Who should get vaccinated?

It is recommended that everyone who is at least 6 months of age or older get a flu vaccine. It is especially important for the most at risk people to get vaccinated. Those people include the following:

  • People who are at high risk of developing serious complications like pneumonia if they get sick with the flu.

    • People who have certain medical conditions including asthma, diabetes and chronic lung disease.
    • Pregnant women.
    • People 65 years and older.

  • People who live with or care for others who are high risk for developing serious complications.

    • Household contacts and caregivers of people with certain medical conditions including asthma, diabetes, and chronic lung disease.

Who should not get vaccinated?

The following people should not get a flu vaccine without first consulting a physician:

  • People who have a severe allergy to chicken eggs.
  • People who have had a severe reaction to an influenza vaccination.
  • Children younger than 6 months of age.
  • People with a history of Guillain-Barre Syndrome should consult with their doctor before obtaining a vaccine.

People who have a moderate to severe illness with a fever should wait until they recover before getting vaccinated. For more information visit www.mass.gov/dph/flu or www.cdc.gov/flu/.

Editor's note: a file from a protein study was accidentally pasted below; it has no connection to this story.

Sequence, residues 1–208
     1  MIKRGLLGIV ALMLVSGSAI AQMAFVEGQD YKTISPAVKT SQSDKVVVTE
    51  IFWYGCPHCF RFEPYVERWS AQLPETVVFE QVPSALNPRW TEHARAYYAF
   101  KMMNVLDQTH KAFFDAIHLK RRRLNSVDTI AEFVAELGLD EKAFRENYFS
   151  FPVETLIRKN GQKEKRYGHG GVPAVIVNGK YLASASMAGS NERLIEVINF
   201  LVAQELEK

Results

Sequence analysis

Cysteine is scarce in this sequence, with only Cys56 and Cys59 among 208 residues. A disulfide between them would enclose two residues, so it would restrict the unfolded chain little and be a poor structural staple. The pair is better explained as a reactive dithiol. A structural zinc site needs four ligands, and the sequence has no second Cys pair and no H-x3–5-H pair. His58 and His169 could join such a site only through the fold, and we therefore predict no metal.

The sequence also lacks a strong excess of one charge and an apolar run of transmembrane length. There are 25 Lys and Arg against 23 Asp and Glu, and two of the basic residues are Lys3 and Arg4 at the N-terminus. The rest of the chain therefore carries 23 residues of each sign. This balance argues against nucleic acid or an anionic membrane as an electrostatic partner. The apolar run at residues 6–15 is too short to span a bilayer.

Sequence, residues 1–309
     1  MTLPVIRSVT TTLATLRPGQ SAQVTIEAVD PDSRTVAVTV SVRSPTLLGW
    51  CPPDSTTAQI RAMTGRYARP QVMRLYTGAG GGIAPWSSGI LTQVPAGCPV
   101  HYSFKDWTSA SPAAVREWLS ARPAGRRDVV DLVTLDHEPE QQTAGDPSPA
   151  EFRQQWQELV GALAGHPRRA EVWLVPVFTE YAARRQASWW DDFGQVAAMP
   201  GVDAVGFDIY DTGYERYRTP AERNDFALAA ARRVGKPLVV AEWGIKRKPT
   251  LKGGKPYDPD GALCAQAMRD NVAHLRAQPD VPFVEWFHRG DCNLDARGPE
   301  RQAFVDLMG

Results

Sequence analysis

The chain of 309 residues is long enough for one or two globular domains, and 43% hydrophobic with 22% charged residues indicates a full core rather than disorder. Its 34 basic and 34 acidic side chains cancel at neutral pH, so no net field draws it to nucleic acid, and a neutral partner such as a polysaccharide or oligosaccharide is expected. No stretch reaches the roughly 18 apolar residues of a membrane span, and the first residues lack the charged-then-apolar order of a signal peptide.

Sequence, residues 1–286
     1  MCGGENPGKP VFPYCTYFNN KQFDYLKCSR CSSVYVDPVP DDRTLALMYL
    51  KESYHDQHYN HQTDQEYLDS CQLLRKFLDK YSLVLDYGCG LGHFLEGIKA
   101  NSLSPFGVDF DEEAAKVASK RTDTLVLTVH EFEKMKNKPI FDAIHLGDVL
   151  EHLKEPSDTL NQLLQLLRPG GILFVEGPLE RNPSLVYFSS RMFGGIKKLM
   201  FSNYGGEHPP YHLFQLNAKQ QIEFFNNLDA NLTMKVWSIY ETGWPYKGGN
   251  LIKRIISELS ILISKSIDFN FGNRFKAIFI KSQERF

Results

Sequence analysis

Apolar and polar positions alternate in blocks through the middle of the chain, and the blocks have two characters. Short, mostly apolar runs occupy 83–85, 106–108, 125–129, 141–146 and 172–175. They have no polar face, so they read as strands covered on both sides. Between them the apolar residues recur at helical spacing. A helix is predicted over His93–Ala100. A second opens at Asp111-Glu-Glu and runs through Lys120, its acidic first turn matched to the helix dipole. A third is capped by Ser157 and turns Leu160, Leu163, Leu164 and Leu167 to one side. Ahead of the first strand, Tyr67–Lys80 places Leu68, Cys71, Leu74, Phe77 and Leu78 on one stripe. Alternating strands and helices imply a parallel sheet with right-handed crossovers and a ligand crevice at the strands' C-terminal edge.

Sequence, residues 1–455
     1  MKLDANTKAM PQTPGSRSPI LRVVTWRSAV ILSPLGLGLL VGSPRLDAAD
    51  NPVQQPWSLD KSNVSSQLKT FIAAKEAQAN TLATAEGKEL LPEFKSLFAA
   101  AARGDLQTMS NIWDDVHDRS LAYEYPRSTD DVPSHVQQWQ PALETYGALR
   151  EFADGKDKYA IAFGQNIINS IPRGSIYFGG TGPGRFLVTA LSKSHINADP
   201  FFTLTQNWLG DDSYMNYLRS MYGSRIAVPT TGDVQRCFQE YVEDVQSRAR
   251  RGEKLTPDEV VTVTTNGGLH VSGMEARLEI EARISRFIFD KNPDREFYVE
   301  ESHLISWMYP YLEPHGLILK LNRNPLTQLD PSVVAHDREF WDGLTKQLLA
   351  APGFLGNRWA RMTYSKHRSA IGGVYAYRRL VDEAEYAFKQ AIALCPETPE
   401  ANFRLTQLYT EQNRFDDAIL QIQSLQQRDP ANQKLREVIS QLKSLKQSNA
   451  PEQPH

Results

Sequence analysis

There are two types of seasonal flu vaccines available. The "flu shot" is an inactivated vaccine that is approved for use in people older than 6 months, including healthy people and people with chronic medical conditions. The nasal spray flu vaccine is a vaccines made with live, weakened flu viruses that is approved for use in healthy people 2 through 49 years of age who are not pregnant.

Flu vaccines are available in many locations including doctor's offices, clinics, urgent care center, health departments, pharmacies, college health centers and some schools. The Southcoast Health Van offers free flu vaccinations throughout the community. The Southcoast Health Van schedule can be found at www.southcoast.org/van/. You can also use the following Flu Vaccine Locator to find the nearest vaccine available in your area www.flunearyou.org.

More information about the flu can be found at www.southcoast.org/flu/.


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Stephanie Poyant
Public Information Officer
Phone: 508-961-5280
Pager: 508-387-2532
Fax: 508-961-5876
poyants@southcoast.org



Southcoast Health System is a community based health delivery system with multiple access points, offering an integrated continuum of health services throughout Southeastern Massachusetts and East Bay, Rhode Island.

It includes the three hospitals that make up Southcoast Hospitals Group — Charlton Memorial Hospital in Fall River, St. Luke's Hospital in New Bedford and Tobey Hospital in Wareham.

Southcoast provides advanced clinical services, such as open heart surgery, angioplasty and heart rhythm services, comprehensive cancer care, neurosurgery, weight loss surgery, orthopedic surgery, advanced imaging services and is the only provider of maternity services in the region.

Southcoast is a not-for-profit charitable organization that depends on the support of the community to provide services. More information is available online at www.southcoast.org. Connect to Southcoast through social media at www.southcoast.org/connect/.